#8 Props, Please!

Toys are the tools of children’s work. Yet certain toys, and other materials, can also be helpful in providing children with opportunities to practice their communication skills. By choosing materials that can encourage children to talk or listen to an adult or a peer, teachers can supply children with “props” to help support children’s language development. These props are objects that may stimulate conversations and include old phones, cell phones, puppets, dolls, wordless books, familiar books, pictures, play dough, and felt board cutouts.

What Research Shows

  • The more children use an object to represent another object (e.g., using a plastic banana as a telephone), the stronger their language skills are.26
  • Dramatic play activities are often when the most complex language interactions occur between teachers and children.27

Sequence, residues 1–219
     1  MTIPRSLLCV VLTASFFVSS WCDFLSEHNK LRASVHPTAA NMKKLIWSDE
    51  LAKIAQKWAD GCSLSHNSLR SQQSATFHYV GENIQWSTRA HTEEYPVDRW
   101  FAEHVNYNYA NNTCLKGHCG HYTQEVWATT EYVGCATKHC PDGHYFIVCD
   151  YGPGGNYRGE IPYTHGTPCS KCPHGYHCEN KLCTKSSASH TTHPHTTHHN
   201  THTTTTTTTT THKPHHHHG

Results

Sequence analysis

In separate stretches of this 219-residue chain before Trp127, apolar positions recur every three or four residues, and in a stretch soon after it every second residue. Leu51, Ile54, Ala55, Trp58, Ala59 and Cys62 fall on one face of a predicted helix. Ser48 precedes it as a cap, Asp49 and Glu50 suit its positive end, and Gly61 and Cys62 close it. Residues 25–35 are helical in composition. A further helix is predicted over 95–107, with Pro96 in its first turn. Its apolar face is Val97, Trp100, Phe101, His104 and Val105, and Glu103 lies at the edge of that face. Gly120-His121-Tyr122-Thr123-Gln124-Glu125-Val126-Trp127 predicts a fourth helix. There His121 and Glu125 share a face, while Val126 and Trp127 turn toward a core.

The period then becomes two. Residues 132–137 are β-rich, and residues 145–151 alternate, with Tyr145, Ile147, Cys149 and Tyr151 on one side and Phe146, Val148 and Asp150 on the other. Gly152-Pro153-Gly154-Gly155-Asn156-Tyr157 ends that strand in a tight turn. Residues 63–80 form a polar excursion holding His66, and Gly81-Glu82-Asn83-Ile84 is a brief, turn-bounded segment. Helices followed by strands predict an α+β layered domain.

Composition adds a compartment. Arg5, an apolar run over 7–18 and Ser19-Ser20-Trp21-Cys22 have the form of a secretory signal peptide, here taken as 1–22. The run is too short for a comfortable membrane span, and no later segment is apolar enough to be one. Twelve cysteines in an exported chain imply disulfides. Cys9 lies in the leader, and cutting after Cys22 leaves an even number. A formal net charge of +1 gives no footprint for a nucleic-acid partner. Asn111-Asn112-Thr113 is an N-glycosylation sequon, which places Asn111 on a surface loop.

• When adults and toddlers talk about an object on which they are both focused, children develop better language skills.16

Working with Infants and Toddlers

Dramatic play activities are often when the most complex language interactions occur between teachers and children

  • When using a prop, ask children open-ended questions like “What…?”, “Why…?” and “How…?” Pause for a response. Provide the answers for preverbal infants and toddlers.
  • Label props and provide explanations about their function or purpose.
  • Use props to draw an infant’s attention to interacting (e.g., shake a rattle to get the infant’s attention, then draw it to your face, shaking. When the infant looks at your face, remove the rattle and begin a conversation).
  • Use props to engage in pretend play.
  • Introduce children to new vocabulary when possible.
  • Talk about the different ways a prop may be used.

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